Validity of Places of Worship Act | Supreme Court gives Centre ‘sufficient time’ to clarify its stand; adjourns case to October 31

Solicitor General Tushar Mehta said the government required “a little more time” to make up its mind about the validity of the Places of Worship Act.

Updated - July 11, 2023 02:52 pm IST

Published - July 11, 2023 12:26 pm IST - NEW DELHI

A view of Supreme Court of India. File

A view of Supreme Court of India. File | Photo Credit: The Hindu

The Supreme Court on July 11 gave the Centre “sufficient time” till October 31 to clarify its stand on the validity of the Places of Worship Act, which protects the identity and character of religious places as they were on Independence Day.

Appearing before a Bench headed by Chief Justice of India D. Y. Chandrachud, Solicitor General Tushar Mehta said the government required “a little more time” to make up its mind about the law.

Earlier hearings in 2023 and the previous year had seen the government take similar adjournments seeking more time to come to a decision and file an affidavit.

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“The Union of India is taking adjournments after adjournments, if it goes on like this…. Let the hearing start,” former Rajya Sabha MP Subramanian Swamy, urged the court.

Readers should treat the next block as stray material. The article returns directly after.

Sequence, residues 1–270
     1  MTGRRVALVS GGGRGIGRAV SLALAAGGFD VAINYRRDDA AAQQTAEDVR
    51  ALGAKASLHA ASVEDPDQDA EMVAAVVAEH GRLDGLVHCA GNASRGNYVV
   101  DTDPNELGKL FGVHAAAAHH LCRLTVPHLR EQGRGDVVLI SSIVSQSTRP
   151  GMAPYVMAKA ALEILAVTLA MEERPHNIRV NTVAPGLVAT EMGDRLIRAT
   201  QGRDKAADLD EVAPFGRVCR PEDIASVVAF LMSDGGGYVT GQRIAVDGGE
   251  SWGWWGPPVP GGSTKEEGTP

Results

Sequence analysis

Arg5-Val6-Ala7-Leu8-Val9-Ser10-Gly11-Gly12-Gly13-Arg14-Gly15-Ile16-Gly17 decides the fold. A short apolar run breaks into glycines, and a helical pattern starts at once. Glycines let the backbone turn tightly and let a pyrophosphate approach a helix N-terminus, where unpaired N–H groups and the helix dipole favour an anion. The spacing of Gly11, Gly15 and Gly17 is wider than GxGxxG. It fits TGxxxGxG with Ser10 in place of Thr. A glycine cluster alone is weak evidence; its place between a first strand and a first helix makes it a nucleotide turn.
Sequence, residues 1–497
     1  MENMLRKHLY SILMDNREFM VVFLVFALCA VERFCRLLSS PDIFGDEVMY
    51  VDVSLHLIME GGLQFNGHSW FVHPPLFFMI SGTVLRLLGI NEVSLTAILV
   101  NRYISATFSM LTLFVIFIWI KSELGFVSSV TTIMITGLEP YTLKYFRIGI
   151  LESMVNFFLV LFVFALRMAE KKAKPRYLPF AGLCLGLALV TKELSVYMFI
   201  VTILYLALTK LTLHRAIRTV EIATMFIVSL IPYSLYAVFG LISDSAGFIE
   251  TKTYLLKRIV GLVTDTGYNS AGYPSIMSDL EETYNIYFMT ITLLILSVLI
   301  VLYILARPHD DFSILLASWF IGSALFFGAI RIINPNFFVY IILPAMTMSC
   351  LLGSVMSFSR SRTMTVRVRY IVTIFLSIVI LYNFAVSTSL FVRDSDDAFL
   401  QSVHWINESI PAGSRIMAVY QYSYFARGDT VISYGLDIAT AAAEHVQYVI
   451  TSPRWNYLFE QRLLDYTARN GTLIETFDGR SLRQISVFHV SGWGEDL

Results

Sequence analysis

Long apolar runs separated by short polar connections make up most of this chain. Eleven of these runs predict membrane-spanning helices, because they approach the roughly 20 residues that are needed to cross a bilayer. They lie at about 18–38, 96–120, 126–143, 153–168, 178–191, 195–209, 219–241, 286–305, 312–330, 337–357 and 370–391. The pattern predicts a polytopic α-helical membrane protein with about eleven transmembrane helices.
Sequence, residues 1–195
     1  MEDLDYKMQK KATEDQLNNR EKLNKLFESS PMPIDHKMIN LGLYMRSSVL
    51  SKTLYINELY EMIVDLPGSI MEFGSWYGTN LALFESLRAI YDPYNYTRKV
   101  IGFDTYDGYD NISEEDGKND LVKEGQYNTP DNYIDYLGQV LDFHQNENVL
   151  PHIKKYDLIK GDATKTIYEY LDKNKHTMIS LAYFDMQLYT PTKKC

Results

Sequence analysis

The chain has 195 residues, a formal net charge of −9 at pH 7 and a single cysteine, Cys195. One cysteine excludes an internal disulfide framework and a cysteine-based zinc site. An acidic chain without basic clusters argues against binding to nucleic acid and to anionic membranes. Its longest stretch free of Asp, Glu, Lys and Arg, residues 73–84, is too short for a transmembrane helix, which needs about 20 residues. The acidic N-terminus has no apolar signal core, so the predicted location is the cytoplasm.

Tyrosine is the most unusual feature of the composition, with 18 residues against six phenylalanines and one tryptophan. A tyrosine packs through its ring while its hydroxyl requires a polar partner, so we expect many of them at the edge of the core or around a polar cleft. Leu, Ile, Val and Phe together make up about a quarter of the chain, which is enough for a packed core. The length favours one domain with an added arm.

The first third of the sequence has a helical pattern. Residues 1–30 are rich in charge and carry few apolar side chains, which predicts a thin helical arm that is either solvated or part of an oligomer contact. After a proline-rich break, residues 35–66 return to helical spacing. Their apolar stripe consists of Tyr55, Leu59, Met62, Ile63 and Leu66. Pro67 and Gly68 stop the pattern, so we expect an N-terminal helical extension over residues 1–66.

But the Chief Justice said the hearing cannot possibly start without hearing the view of the government. “Besides, the petitioners would also want to file their responses to the Centre’s stand,” the court noted.

The Bench said the government, considering the ramifications of the issue involved, should file a comprehensive affidavit.

In an earlier hearing, senior advocate Kapil Sibal, appearing for the All India Muslim Personal Law Board, had said the court would have to first consider the question whether a PIL challenging the Places of Worship Act of 1991, a Central legislation, would lie, especially after a five-judge Bench of the apex court had upheld the validity of the Act in its Ayodhya judgment.

The Ayodhya judgment of the Supreme Court had found that the 1991 Act spoke “to our history and to the future of the nation… In preserving the character of places of public worship, the Parliament has mandated in no uncertain terms that history and its wrongs shall not be used as instruments to oppress the present and the future”.

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In an October 2022 hearing, Solicitor General Tushar Mehta, who appeared for the government, had however ventured his personal opinion that the remarks made in the Ayodhya judgment about the 1991 Act would not preclude the court from examining the validity of the statute now.

Senior advocate Rakesh Dwivedi, for petitioner Ashwini Kumar Upadhyay, had also agreed that the comments in the Ayodhya verdict about the Act were merely ‘obiter dicta” and did not have the force of law.

Advocates P.B. Suresh, Vipin Nair and Vishnu Shankar Jain, appearing for petitioner Vishwa Bhadra Pujari Purohit Mahasangh, had argued that the validity of the 1991 Act was not in question before the Constitution Bench in the Ayodhya case.

A slew of petitions has been filed in the apex court against the Act, contending that the law has barred Hindus, Jains, Buddhists and Sikhs from approaching courts to “re-claim” their places of worship which were “invaded” and “encroached” upon by “fundamentalist barbaric invaders”.

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